When most Americans first heard of Manny Pacquiao, the Filipino boxer’s life was presented as a fable. This is true whether they came across Pacquiao in the early 2000s, when he burst into the boxing mainstream with upsets of Lehlo Ledwaba and Marco Antonio Barrera, or whether they learned of him in 2008, when he invaded the actual mainstream with another upset, this time over Oscar De La Hoya. Even now, after years of being one of the highest-paid athletes in the world and just days away from facing Floyd Mayweather Jr. in the biggest fight of his career, Pacquiao will be introduced to casual fans as a boy who was born into intractable poverty in the southern Philippines, who started fighting professionally at age 16 to help support his mother and siblings, and who somehow slugged his way to the top of the sport.
The details are irresistible: a childhood spent selling doughnuts for loose change; the father whose most memorable contribution to Pacquiao’s upbringing was the time he ate the boy’s dog; stowing away on a ship to Manila as a 12-year-old; working construction between training sessions at a decrepit boxing gym in Malabon City; having barely enough money to feed himself, and then stuffing his shorts with ball bearings to make the minimum weight of 106 or 110 pounds in his earliest fights. From those circumstances emerged the greatest Filipino athlete of all time, a surefire boxing Hall of Famer, and $335 million in career in-ring earnings. Then, the extracurriculars: Pacquiao’s ham-tastic recording career, his forays into film acting and variety show hosting, his wish fulfillment turn as player-coach in the Philippine Basketball Association, and, for better or worse, his status as a sitting congressman in his home country, with eyes on a Senate seat in 2016.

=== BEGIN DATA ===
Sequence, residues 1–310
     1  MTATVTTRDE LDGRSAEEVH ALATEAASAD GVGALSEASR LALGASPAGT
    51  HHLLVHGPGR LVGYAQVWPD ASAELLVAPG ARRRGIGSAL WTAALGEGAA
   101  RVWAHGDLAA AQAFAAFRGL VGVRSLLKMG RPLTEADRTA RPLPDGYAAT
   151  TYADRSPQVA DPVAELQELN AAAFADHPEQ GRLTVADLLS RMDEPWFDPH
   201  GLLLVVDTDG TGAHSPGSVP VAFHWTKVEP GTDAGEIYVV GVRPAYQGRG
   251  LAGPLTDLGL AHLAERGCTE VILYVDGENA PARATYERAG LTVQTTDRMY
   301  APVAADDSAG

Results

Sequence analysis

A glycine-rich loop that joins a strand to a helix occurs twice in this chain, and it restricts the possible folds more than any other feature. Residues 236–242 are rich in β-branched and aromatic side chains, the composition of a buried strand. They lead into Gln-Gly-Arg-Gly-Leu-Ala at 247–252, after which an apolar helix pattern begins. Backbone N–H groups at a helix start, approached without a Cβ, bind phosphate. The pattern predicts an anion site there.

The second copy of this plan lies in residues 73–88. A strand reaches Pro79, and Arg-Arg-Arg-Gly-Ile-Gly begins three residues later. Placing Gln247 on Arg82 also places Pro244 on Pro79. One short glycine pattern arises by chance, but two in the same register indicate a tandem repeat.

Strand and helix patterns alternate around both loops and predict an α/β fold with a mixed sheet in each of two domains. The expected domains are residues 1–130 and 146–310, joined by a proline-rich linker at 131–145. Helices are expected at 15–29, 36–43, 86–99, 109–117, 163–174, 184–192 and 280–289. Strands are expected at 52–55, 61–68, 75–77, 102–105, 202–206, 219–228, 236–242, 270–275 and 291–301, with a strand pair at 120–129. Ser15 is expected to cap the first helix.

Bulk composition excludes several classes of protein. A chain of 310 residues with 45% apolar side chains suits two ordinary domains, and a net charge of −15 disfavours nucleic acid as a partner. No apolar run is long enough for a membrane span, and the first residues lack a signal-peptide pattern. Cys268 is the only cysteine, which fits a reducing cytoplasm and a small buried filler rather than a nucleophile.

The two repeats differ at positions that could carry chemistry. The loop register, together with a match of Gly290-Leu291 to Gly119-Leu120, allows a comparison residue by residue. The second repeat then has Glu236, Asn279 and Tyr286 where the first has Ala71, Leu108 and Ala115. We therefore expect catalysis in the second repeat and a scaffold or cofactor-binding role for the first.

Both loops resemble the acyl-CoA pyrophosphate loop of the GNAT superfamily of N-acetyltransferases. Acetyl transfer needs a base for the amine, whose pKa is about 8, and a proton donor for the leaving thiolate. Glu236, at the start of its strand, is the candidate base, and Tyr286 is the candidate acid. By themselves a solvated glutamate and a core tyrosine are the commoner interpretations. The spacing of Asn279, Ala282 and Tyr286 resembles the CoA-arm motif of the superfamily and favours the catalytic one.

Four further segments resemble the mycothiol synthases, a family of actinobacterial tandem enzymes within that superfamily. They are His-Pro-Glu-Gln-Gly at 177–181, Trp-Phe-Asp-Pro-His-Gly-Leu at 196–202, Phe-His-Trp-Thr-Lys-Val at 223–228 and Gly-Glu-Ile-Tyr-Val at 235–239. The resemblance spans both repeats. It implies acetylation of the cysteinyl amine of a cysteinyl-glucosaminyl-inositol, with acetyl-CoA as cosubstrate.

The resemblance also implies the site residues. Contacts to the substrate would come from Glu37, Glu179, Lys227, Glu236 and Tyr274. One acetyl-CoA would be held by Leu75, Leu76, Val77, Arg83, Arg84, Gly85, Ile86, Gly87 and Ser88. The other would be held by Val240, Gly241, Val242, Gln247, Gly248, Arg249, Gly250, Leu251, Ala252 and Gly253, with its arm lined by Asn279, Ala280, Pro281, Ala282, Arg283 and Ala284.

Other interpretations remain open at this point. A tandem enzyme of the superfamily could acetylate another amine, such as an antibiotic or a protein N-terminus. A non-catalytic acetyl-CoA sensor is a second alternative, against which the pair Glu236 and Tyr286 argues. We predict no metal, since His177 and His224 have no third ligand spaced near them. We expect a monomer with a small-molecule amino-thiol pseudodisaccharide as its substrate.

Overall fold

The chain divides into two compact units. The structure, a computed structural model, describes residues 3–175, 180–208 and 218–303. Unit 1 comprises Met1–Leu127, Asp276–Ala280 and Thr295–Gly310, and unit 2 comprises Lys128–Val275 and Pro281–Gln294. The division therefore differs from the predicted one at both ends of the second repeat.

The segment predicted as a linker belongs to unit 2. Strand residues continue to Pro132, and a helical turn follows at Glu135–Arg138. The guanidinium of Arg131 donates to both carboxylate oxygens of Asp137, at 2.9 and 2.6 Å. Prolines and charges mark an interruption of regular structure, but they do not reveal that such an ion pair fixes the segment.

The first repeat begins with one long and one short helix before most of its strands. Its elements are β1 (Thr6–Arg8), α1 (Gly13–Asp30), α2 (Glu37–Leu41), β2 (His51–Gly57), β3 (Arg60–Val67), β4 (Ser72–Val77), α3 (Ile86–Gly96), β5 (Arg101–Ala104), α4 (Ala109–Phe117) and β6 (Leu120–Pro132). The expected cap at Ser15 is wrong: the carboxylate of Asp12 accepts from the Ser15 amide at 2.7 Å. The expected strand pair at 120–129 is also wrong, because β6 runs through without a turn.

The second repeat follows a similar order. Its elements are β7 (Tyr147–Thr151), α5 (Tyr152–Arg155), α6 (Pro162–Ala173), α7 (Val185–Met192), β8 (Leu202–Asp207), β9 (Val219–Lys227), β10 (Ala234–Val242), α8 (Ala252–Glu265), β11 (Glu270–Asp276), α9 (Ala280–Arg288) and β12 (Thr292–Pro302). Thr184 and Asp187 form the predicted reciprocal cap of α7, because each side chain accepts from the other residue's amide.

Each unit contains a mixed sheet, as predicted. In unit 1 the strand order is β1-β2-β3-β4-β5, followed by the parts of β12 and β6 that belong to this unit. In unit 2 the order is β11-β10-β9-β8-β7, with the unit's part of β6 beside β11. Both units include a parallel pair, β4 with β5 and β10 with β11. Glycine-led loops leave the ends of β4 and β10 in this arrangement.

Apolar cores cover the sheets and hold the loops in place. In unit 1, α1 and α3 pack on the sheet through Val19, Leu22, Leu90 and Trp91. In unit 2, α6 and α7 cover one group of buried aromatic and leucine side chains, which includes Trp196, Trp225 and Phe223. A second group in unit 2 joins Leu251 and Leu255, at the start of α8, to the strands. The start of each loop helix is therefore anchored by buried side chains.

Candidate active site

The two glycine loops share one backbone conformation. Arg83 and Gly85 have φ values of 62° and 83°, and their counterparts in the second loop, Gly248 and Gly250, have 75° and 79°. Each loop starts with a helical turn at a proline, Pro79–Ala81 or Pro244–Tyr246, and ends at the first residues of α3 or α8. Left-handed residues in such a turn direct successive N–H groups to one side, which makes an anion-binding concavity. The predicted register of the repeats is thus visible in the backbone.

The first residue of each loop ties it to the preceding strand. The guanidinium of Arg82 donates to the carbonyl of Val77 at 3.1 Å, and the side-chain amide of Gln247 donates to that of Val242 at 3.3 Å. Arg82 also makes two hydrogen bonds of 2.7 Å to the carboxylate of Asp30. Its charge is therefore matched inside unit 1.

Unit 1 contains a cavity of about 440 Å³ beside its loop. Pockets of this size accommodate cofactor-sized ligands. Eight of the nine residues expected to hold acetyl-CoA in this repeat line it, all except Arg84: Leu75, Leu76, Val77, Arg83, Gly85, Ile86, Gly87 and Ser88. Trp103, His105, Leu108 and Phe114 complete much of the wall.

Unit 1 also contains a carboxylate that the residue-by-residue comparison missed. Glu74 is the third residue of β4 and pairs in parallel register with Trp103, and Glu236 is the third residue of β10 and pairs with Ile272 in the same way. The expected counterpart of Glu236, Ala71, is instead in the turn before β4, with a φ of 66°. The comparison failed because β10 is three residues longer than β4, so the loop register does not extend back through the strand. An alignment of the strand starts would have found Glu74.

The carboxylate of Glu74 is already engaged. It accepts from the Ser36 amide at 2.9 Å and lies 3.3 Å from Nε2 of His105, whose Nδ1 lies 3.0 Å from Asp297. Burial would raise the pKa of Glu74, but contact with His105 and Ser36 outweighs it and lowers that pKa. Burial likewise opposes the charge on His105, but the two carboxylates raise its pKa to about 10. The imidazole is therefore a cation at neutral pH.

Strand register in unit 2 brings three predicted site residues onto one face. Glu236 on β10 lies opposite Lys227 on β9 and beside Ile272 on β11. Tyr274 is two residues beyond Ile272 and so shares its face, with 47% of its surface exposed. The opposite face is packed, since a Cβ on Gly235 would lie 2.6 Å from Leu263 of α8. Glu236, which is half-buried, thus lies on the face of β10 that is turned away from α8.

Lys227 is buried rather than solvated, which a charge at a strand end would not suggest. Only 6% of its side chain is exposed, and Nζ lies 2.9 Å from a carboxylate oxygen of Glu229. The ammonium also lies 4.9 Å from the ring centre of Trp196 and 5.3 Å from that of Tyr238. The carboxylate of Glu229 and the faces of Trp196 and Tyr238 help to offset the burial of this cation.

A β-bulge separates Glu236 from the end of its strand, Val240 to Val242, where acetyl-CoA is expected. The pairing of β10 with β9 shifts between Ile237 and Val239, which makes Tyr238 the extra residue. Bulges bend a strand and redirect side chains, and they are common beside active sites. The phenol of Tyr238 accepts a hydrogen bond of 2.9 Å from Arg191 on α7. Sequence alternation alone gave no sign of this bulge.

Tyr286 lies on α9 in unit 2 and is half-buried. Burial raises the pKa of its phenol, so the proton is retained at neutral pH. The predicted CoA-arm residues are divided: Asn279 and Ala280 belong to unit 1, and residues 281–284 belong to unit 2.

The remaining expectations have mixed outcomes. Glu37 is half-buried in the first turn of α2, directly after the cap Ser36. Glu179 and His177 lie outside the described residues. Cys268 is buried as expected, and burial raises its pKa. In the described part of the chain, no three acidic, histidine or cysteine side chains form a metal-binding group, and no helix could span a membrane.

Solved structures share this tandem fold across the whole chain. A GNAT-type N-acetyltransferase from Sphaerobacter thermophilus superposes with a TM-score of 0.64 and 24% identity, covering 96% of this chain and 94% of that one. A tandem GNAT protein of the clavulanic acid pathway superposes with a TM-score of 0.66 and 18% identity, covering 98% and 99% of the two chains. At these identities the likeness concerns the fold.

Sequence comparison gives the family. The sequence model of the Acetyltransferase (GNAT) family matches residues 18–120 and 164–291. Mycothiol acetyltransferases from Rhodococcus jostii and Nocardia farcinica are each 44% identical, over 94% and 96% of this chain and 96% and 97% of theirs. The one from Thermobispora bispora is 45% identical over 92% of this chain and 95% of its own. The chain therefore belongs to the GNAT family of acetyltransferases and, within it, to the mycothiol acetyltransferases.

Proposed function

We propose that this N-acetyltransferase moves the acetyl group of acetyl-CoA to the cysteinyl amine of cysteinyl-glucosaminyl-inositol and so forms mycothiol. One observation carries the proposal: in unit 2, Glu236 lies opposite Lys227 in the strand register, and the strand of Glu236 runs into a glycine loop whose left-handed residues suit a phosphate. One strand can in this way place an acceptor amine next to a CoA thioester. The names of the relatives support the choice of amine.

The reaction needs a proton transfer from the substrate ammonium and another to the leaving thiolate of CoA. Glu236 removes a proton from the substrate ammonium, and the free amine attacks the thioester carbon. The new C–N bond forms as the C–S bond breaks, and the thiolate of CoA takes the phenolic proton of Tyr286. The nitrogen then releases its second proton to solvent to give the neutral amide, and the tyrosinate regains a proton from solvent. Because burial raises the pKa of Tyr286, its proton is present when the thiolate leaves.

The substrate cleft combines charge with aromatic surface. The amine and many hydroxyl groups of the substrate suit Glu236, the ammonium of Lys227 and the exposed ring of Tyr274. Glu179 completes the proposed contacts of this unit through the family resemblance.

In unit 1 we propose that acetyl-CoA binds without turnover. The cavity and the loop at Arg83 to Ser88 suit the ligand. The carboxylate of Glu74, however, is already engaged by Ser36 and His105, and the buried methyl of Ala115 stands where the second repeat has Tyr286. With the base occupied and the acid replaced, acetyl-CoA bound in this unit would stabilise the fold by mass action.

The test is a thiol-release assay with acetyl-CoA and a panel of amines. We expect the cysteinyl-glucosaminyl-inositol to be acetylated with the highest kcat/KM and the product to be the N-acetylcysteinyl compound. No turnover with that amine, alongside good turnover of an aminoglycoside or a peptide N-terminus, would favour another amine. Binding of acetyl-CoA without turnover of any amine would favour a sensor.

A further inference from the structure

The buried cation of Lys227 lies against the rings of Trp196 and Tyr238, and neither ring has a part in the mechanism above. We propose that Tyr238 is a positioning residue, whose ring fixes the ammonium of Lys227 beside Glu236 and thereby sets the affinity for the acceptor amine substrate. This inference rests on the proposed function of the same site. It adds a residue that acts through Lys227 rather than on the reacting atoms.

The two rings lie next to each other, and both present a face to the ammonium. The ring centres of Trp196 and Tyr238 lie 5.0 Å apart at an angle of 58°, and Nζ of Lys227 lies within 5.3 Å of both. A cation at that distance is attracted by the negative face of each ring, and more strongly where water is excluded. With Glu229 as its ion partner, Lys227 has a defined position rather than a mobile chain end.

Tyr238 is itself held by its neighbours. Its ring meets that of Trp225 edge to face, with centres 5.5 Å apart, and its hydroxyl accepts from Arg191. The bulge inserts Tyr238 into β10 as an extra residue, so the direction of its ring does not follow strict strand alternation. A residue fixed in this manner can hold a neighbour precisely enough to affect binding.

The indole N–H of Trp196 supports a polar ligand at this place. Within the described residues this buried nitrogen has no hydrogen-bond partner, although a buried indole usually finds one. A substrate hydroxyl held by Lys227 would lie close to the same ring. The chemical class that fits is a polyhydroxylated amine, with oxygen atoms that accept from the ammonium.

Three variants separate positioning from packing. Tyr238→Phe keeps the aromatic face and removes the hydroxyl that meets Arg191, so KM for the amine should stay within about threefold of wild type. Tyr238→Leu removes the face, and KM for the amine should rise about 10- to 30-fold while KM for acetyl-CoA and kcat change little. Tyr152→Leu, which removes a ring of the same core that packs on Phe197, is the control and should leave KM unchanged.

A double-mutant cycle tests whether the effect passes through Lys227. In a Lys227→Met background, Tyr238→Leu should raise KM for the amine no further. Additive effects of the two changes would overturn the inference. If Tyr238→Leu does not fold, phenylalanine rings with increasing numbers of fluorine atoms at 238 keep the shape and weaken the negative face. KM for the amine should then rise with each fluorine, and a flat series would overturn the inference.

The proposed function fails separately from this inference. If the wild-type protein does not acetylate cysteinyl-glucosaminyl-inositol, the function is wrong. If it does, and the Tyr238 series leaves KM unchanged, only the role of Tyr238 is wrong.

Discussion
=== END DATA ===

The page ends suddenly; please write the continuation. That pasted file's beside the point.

The athlete who rises from humble beginnings is a common story in sports, so well-trodden that it might obscure just how improbable Pacquiao’s journey has been. Millions of Filipino boys are born into nearly the exact same circumstances as Pacquiao was. Financial burdens drive them out of school somewhere around the sixth or eighth grade, so they start working — maybe fishing, maybe sorting scrap metal in a junk shop. Life plateaus right there, unless illness or injury or typhoons make it worse. There have always been exceptions — athletes, entertainers, businessmen, and even artists who manage to break the cycle of poverty. Pacquiao is one of them, but because of the scale and drama with which his story has unfolded, he is more.
By my count, there have been at least three biographies, two feature films, and one documentary based on Pacquiao’s life. His career is too enormous to capture in an article, but by pointing to the milestones and shading in some background about his dips into entertainment, basketball, and politics, we can develop a more fully rounded image of the fighter — just how remarkable his boxing career has been, and how his side pursuits could someday paint a dark chapter in the fable of Manny Pacquiao.
The Suntukan Days: 1995-2005
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Suntukan is the Tagalog word for a punchout. In Manila, if you hear someone shout “Suntukan na!” it means that a rumble just broke out. And when you dig up video from Manny Pacquiao’s first years as a professional, that’s the style of reckless brawling you’ll see. Pacquiao was a fighter long before he became a boxer.
Watching Pacquiao in his late teens stomping after opponents with his left hand cocked and destruction in his eyes, it’s very difficult to imagine him developing into even a decent boxer, let alone one of the most dynamic offensive fighters of his generation. He lunges behind his powerful straight left, charges chin-first into counterpunches, and bullies 5-foot flyweight sparkplugs into the ropes to whale on them. Boxing fans like to joke that rising prospects tend to get matched against tomato cans — construction workers or taxi drivers who are willing to take a beating for a couple of bucks and a hot meal. Well, many of Pacquiao’s early opponents were indeed no-hopers, except that at the beginning of his career, Pacquiao was a construction worker, too. In the Philippine TV broadcast of his seventh career fight, the broadcast team explains that Pacquiao’s promoter hadn’t bothered hiring a dedicated trainer for the teenage southpaw until before that matchup — meaning that even Pacquiao’s handlers couldn’t have expected much from him at first.
Twenty years ago, when he was delivering unrefined poundings to guys like Dele Decierto and Rolando Toyogon,1 fighting in sweatbox municipal gymnasiums before crowds of a few hundred people, was there any way to predict that he’d one day challenge the greatest pure boxing talent of his era? That he’d costar in the richest fight of all time, at the MGM Grand in Las Vegas? No. Never in a million years.